Ministers have rejected demands to introduce a new sugar and salt levy on food amid fears it would have been “tone deaf” to slap consumers with increased taxes in the midst of a cost of living crisis.
Environment Secretary George Eustice also insisted the Government would not “lecture” people on what they should eat, as he dismissed calls to reduce meat consumption by a third.
The Government has come under sustained criticism over its Food Strategy, published on Monday, after it refused to take up a raft of recommendations set out by Henry Dimbleby, co-founder of the Leon restaurant chain.
Mr Dimbleby, the Government’s “food tsar”, said that while ministers had taken on more than half of his recommendations, “it hasn’t been done with one vision across the whole system” and the Government’s proposals lacked too much detail to be considered a policy.
The original strategy was published in July 2020, with a firmer set of proposals published a year later. However, since then, the rise in food costs, the war in Ukraine, and Boris Johnson’s desire to appease rebellious MPs with a return to more traditional Conservatism has led to the strategy being heavily watered down.
A Cabinet source told i: “We’ve accepted the majority of recommendations, but there were some, such as the salt and sugar tax, that we were clear we would not accept. There is even more of a case given we’re now in a cost of living crisis and it would just be tone deaf to slap people with new taxes on food.”
The comments were echoed by the Prime Minister during a visit to a farm in Cornwall, when he stated: “What we don’t want to do right now is start whacking new taxes on [people] that will just push up the cost of food.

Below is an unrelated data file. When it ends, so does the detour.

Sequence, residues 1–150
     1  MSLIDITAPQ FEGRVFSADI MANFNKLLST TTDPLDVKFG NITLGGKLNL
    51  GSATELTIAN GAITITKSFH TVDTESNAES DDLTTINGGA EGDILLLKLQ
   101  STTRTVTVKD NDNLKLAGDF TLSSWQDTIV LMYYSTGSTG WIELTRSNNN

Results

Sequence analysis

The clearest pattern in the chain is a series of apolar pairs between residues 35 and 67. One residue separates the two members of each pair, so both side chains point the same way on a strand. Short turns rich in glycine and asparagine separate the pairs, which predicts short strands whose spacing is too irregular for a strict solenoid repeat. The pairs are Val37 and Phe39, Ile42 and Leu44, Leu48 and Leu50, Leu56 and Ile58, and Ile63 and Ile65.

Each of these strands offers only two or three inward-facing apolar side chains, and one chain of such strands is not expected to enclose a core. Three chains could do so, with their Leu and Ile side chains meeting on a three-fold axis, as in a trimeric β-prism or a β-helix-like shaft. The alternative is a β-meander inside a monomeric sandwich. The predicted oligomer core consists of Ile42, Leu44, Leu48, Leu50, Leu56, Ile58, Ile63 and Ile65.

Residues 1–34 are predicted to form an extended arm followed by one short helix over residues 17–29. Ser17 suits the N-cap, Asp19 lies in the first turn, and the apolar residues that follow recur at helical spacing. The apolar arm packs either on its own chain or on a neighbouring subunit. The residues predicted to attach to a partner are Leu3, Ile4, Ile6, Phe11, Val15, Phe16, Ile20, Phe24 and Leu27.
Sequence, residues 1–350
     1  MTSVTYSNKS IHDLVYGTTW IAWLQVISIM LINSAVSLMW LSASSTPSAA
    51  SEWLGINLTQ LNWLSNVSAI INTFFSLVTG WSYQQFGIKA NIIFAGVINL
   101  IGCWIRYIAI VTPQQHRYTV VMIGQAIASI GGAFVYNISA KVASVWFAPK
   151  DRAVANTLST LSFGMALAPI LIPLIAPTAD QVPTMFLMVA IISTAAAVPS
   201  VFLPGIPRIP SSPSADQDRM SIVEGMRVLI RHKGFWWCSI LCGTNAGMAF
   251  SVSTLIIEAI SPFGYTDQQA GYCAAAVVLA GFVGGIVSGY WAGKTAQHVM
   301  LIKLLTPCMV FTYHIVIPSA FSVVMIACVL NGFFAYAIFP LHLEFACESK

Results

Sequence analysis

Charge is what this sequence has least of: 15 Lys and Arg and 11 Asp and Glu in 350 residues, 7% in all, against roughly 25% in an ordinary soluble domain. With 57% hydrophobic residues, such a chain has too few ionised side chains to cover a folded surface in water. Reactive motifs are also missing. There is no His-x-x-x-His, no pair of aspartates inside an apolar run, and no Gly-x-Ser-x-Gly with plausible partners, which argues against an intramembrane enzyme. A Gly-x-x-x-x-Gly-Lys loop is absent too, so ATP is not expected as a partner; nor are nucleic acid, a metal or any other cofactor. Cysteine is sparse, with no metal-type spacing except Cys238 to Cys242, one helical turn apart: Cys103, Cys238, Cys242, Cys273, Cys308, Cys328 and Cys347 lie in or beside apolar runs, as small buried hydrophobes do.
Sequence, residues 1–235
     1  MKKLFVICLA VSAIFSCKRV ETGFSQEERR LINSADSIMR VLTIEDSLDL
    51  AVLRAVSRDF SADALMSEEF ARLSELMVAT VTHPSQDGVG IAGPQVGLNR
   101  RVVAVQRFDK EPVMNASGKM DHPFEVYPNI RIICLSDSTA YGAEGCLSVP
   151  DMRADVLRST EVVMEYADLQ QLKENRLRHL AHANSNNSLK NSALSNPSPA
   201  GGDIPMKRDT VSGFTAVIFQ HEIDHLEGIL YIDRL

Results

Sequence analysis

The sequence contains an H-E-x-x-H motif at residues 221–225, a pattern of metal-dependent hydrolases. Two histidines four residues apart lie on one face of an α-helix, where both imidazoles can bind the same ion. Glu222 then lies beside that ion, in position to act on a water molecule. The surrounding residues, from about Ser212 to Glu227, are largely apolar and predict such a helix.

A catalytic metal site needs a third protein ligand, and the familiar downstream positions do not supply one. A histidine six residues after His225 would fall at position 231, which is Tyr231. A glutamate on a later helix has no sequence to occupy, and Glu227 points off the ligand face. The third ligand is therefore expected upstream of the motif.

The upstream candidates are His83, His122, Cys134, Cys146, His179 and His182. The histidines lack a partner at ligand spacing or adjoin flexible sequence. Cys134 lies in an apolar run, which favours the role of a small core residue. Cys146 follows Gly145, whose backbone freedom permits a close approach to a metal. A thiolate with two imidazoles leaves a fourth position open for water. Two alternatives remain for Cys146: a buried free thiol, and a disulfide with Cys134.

“Of course, you’ve got to champion healthy eating, you’ve got to help people to lose weight, there all sorts of ways of doing that. The best way to lose weight, believe me, is to eat less.”
Insiders added that there had been a “reframing” of the strategy in light of the war in Ukraine, which meant that food security was “front and centre” in the report.
As such, the document spells out how the UK will increase its food resilience in key areas of crop farming by increasing the use of industrial-scale glasshouses to enable the country to grow more produce, such as tomatoes, cucumbers and peppers.
The pledge to invest £270m to utilise greater innovation in agriculture and increase more sustainable farming practices was welcomed by the National Farmers’ Union, which described the document as a “milestone”.
Plans to increase the number of seasonal worker visas by 10,000, focused mainly on the poultry sector, were also welcomed, but MPs warned that not enough people were coming to the UK under the scheme to pick fruit and vegetables.
The decision to reject calls for a salt and sugar tax was criticised by some Tory MPs in the Commons chamber yesterday. They warned a failure to tackle the looming health crisis caused by junk food would end up costing the country more.
Former health minister Steve Brine said he was a “wee bit disappointed” by the Government’s decision, insisting that the soft drink levy “didn’t push up cost [for] the consumer because the industry reformulated their products.
“We can kick this into the long grass, and many will be pleased that we have done, but we are storing up obesity, type two diabetes and stroke – we are increasingly seeing that in younger people – for the future.
“So, surely as a publicly funded health system, we have a right, and I would argue a responsibility to not kick this into the long grass,” he said.
Tory backbencher Jo Gideon said the strategy was “not bold enough” on the issue of junk foods.
There are also concerns among MPs over the decision not to accept the recommendation to extend the eligibility of free school meals to a greater number of children, given the rising cost of food.
Mr Eustice said on Monday that adding free school meals on to the universal credit benefit could create a “cliff-edge” situation for families due to the “gradual, tapered withdrawal” of the benefit over time.
Sources added that the policy would be “kept under review”, however.